Where locomotive appendages (the parapodia of the Polychaeta) exist, they are never jointed, as always in the Arthropoda; nor are they modified anteriorly to form jaws, as in that group.
The setae are organs of locomotion, though their large size and occasionally jagged edges in some of the Polychaeta suggest an aggressive function.
They are disposed in two groups on either side, corresponding in the Polychaeta to the parapodia; the two bundles are commonly reduced among the earthworms to two pairs of setae or even to a single seta.
On the other hand, in certain Polychaeta the bundles of setae are so extensive that they nearly form a complete circle surrounding the body; and in the Oligochaet genus Perichaeta (=Pheretima), and some allies, there is actually a complete circle of setae in each segment broken only by minute gaps, one dorsal, the other ventral.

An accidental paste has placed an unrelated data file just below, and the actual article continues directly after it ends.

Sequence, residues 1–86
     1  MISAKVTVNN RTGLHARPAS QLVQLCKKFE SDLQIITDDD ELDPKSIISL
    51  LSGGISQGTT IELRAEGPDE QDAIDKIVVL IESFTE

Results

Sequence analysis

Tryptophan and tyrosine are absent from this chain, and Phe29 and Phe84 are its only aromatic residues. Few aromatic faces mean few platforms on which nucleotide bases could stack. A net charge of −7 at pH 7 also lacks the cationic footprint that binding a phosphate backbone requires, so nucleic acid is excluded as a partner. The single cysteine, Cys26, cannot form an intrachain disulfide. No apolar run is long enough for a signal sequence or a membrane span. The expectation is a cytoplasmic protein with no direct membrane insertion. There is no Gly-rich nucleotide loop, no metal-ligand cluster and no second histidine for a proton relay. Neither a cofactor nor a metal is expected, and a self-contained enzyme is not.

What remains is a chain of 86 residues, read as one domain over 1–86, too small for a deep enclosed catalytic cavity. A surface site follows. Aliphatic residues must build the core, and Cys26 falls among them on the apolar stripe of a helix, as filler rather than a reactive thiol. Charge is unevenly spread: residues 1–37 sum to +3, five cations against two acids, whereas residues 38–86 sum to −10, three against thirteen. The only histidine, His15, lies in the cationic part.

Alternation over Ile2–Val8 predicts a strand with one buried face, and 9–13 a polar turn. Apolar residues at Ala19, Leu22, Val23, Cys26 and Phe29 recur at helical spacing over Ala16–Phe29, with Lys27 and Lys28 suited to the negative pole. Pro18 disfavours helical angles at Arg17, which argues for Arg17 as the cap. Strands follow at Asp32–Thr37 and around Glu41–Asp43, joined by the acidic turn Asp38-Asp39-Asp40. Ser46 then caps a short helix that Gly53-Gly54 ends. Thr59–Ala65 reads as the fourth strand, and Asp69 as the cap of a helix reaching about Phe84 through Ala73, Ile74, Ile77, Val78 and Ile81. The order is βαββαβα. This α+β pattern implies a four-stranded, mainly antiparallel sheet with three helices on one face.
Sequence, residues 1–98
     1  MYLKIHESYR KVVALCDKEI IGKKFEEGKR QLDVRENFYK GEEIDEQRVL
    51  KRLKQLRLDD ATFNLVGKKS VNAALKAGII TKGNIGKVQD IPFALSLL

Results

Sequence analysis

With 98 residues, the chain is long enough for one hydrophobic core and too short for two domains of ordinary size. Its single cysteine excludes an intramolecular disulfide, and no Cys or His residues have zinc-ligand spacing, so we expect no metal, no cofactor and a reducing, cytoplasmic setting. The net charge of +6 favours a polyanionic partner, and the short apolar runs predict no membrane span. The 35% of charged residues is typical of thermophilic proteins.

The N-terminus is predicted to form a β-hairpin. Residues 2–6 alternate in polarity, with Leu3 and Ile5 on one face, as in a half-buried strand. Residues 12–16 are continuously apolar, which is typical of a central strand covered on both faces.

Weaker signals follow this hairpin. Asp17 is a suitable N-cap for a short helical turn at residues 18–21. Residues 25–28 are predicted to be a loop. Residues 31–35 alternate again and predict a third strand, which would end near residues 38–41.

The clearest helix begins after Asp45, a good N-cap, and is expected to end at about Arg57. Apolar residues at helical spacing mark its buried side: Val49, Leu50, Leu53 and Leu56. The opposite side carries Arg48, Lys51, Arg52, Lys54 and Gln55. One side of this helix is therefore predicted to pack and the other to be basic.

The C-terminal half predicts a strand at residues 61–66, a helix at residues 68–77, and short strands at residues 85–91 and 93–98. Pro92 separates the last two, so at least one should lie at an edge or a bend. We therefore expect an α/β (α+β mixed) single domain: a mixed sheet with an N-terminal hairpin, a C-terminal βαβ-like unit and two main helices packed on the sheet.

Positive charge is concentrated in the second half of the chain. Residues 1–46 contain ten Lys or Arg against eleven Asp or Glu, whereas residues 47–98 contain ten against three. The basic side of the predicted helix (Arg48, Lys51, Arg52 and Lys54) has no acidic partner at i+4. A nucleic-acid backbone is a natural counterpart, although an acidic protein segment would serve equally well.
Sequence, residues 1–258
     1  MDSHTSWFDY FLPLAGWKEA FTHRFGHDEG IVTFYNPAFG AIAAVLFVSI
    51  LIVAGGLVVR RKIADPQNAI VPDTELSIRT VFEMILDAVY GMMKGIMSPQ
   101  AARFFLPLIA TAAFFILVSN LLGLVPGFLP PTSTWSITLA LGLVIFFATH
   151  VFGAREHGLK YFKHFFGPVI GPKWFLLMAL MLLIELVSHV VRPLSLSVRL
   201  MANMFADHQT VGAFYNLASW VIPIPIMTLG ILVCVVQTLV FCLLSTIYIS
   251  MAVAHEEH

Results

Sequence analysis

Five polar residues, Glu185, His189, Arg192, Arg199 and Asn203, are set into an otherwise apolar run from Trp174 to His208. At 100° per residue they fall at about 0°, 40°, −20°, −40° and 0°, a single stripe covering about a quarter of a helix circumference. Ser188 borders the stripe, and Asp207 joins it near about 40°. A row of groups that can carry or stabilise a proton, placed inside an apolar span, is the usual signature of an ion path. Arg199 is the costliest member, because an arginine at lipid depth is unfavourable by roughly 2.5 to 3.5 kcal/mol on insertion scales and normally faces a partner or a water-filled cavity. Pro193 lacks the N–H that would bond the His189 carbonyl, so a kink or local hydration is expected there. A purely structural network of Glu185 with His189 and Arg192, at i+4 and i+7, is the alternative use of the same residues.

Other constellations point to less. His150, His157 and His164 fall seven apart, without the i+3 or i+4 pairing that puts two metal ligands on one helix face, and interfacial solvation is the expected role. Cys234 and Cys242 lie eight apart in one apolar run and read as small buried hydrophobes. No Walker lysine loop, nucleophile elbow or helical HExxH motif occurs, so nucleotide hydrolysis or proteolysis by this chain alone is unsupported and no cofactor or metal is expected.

This is the typical arrangement, which is exhibited in the majority of the Polychaeta and Oligochaeta; in these the successive chambers of the coelom are separated by the intersegmental septa, sheets of muscle fibres extending from the body wall to the gut and thus forming partitions across the body.